Marvel Studio's blockbuster Avengers series, like so any others, bank on the superhero genre conceived in the early 1930s by two Cleveland Jewish high school students, writer Jerry Siegel and artist Joe Shuster.
Superman actualized the adolescent power fantasies of these two Depression-era kids, who craved a muscle-bound redeemer to liberate them from the social and economic impoverishment of their lives and, in the tradition of the Golem of Prague, to fight anti-Semites.
The narrative is rich in Jewish symbolism. Superman’s parents sent him to Earth in a tiny rocket ship, reminiscent of how baby Moses survived Pharaoh’s decree to kill all Jewish newborn sons. In the context of the 1930s, the story also reflected the Kindertransports – the evacuation to safety of hundreds of Jewish children from Nazi-occupied Europe to lands of the British Commonwealth.
With America’s entry into World War II, Superman, Batman, and other superheroes were pressed into action. “As comic writers,” says Stan Lee (born Stanley Martin Lieber), “we had to have villains in our stories. And once World War II started, the Nazis gave us the greatest villains in the world to fight against.”
Jewish illustrators and writers entered the emerging comic book field because other areas of commercial illustration were virtually closed to them. “We couldn’t get into newspaper strips or advertising; ad agencies wouldn’t hire a Jew,” explains MAD magazine cartoonist Al Jaffee. “One of the reasons we Jews drifted into the comic book business is that most of the comic book publishers were Jewish. So there was no discrimination there.”
Most of the first-wave comic book artists and writers never emerged from poverty. They were underpaid wage slaves with no rights or royalties; the characters they created were owned and trademarked by the comic book publishers. Even Siegel and Shuster earned a paltry $130 for the first Superman story and had to negotiate for meager financial and creative participation in subsequent Superman strips and spinoffs.
In 1961, Lee was tired of being perceived as being at “the bottom of the cultural totem pole” with little financial promise, so he decided to consider a career change. But before he made his move, his boss called Lee into his office and asked him to come up with a new superhero concept that would outperform DC Comics’ The Justice League of America (which combined the revamped Flash and Green Lantern with mainstays like Superman, Batman, and Wonder Woman to form a team of superheroes). Lee took up the challenge, and what happened next may have saved the comic book industry.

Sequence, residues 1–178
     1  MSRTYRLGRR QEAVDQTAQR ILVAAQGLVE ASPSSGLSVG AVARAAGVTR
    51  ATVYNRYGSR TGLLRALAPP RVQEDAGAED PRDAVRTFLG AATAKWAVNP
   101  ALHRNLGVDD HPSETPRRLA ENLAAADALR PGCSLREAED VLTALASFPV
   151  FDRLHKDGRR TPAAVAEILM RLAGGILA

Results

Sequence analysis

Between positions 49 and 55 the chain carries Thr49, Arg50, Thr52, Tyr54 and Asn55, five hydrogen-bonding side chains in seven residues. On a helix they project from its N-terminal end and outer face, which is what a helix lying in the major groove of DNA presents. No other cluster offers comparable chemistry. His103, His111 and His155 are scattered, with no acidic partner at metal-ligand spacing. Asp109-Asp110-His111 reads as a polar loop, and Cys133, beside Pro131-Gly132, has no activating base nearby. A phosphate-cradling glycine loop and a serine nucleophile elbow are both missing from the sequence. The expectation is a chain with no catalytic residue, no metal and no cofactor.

Lee and artist Jack Kirby (born Jacob Kurzberg) unveiled Fantastic Four #1, a new crime-fighting series featuring four heroes who, for the first time in comic book history, exhibited a broad range of human emotions. Readers could empathize with such characters as Benjamin Grimm (who’d been transformed by cosmic rays into a monstrous pile of orange rocks) despite – or, perhaps, because of – their flaws. To his fellow superheroes, Ben could be a hotheaded jerk, but comics fans attributed his distemper to his being trapped in repulsive orange skin and could feel compassion for him.
Like many Marvel characters, the emotionally challenged Ben became a metaphor for Jews and other minority outsiders who faced discrimination because of their skin color or ethnic roots.
The Fantastic Four quickly built up a large readership, and Marvel Comics soon introduced titles featuring physically and emotionally challenged heroes, such as Daredevil, Thor, and The Incredible Hulk. Thus began the Marvel Age of Comics, marked by Lee and Kirby’s brilliant seven-year collaboration.
The next major breakthrough for Marvel came in September 1963, when Lee and Kirby introduced The X-Men, a superhero team of five men and women born with an extra “mutant” gene that endowed each with a different superpower (telepathy, strength, flight, and the ability to emit deadly optic blasts). From their base at Professor Charles Xavier’s “School for Gifted Youngsters” in Westchester, N.Y., the five set out to fight injustice. The X-Men was a hit among college students active in the civil rights struggle of the 1960s, who may have viewed pacifist Professor X’s battle against the militant mutant Magneto as a metaphor for the divergent ideologies of the non-violent Rev. Dr. Martin Luther King, Jr., and the militant Malcolm X.
The Jews who pioneered this art form, often for little material reward, are superheroes in their own right, for they have created enduring icons of popular culture. And they did so with an eye toward Jewish values.
Stan Lee summed it up like this: “To me you can wrap all of Judaism up in one sentence, and that is, ‘Do unto others.’ All I tried to do in my stories was show that there’s some innate goodness in the human condition. And there’s always going to be evil; we should always be fighting evil.”